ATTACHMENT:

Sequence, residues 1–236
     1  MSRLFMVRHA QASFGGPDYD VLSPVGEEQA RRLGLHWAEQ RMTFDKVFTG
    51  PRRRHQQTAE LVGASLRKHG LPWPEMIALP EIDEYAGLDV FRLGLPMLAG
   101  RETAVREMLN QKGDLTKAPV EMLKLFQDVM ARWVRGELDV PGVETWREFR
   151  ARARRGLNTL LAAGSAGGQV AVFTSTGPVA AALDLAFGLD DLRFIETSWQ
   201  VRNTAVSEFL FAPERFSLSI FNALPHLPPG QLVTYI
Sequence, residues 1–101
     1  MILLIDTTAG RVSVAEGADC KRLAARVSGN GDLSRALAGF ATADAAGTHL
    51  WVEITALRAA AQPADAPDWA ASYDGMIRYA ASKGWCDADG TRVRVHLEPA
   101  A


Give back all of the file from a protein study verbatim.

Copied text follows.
Sequence, residues 1–236
     1  MSRLFMVRHA QASFGGPDYD VLSPVGEEQA RRLGLHWAEQ RMTFDKVFTG
    51  PRRRHQQTAE LVGASLRKHG LPWPEMIALP EIDEYAGLDV FRLGLPMLAG
   101  RETAVREMLN QKGDLTKAPV EMLKLFQDVM ARWVRGELDV PGVETWREFR
   151  ARARRGLNTL LAAGSAGGQV AVFTSTGPVA AALDLAFGLD DLRFIETSWQ
   201  VRNTAVSEFL FAPERFSLSI FNALPHLPPG QLVTYI
Sequence, residues 1–101
     1  MILLIDTTAG RVSVAEGADC KRLAARVSGN GDLSRALAGF ATADAAGTHL
    51  WVEITALRAA AQPADAPDWA ASYDGMIRYA ASKGWCDADG TRVRVHLEPA
   101  A